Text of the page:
Rampant Host Switching Shaped the Termite Gut Microbiome

Article: Bourguignon T., Lo N., Dietrich C., Šobotník J., Sidek S., Roisin Y., Brune A. & Evans T.A. 2018: Rampant host switching shaped the termite gut microbiome. Current Biology 28: 649-654.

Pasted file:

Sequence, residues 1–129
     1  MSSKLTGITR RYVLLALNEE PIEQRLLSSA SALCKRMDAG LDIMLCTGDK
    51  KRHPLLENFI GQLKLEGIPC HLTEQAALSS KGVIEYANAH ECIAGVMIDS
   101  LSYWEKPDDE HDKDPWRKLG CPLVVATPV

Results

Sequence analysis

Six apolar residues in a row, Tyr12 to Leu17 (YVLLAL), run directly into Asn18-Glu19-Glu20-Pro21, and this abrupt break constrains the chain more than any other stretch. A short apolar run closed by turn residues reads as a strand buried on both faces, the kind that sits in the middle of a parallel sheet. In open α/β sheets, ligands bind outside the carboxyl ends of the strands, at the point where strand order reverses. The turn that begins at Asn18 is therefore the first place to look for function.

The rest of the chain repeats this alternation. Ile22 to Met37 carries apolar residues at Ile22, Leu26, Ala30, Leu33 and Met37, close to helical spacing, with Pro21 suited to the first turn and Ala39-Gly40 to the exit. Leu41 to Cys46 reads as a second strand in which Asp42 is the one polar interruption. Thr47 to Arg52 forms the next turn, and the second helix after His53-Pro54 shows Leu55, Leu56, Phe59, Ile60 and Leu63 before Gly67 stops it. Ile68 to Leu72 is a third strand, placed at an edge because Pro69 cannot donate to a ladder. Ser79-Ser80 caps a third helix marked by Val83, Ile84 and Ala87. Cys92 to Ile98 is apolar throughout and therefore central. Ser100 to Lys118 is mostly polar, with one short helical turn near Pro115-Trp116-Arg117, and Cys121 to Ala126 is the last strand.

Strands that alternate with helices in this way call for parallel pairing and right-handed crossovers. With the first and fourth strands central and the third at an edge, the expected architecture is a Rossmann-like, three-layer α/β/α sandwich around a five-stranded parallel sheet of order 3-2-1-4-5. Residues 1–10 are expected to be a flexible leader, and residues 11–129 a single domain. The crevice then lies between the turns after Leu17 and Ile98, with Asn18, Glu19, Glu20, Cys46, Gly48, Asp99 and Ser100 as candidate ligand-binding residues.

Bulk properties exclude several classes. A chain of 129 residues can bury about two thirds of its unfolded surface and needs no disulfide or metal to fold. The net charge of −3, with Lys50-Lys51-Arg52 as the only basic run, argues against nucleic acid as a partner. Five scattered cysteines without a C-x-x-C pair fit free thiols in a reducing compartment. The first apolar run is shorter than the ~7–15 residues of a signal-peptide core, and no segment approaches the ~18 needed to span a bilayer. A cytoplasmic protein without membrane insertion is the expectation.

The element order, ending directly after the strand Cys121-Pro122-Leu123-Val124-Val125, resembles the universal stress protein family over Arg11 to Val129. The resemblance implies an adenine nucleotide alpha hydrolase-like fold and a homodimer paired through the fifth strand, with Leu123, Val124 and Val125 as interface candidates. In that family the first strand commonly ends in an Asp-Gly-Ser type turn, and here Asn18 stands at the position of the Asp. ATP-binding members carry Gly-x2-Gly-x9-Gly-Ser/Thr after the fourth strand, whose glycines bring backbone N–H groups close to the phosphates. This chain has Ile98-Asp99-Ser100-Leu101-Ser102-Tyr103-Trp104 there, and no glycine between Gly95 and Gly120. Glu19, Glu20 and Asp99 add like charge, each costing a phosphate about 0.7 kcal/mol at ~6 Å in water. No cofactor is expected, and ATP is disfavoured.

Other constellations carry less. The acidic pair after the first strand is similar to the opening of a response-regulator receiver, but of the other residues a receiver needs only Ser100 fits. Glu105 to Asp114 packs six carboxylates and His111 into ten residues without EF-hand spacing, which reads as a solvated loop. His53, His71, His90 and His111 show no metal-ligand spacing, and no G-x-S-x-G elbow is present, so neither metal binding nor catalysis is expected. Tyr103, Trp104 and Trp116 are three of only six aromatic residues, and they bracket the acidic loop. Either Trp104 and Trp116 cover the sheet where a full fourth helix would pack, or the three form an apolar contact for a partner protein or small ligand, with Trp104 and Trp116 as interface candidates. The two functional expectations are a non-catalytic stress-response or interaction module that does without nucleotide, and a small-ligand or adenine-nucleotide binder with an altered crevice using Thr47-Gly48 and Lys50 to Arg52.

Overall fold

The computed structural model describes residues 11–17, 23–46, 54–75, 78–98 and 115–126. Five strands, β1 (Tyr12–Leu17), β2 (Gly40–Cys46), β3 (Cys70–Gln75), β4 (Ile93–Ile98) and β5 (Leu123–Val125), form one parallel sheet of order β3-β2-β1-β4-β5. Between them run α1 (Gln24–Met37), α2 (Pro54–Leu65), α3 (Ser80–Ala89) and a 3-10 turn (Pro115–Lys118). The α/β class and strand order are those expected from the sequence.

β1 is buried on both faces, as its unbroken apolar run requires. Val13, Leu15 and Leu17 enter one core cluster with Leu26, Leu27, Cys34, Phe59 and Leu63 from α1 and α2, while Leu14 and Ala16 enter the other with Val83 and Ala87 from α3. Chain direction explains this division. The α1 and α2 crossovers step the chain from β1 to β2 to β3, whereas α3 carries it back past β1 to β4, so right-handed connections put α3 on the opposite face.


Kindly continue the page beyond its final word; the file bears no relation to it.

The gut microbiota of animals exert major effects on host biology. Termites harbour a complex gut microbiota, and their advanced social behaviour provides the potential for long-term vertical symbiont transmission, and co-evolution of gut symbionts and host. Despite clear evolutionary patterns in the gut microbiota of termites, a consensus on how microbial communities were assembled during termite diversification has yet to be reached. Although some studies have concluded that vertical transmission has played a major role, others indicate that diet and gut microenvironment have been the primary determinants shaping microbial communities in termite guts. We examined the gut microbiota of 94 termite species, through 16S rRNA metabarcoding. We analysed the phylogeny of 211 bacterial lineages obtained from termite guts, including their closest relatives from other environments, which were identified using BLAST. The results provided strong evidence for rampant horizontal transfer of gut bacteria between termite host lineages. Although the majority of termite-derived phylotypes formed large monophyletic groups, indicating high levels of niche specialization, numerous other clades were interspersed with bacterial lineages from the guts of other animals. Our results indicate that ‘‘mixed-mode’’ transmission, which combines colony-to-offspring vertical transmission with horizontal colony-to-colony transfer, has been the primary driving force shaping the gut microbiota of termites.

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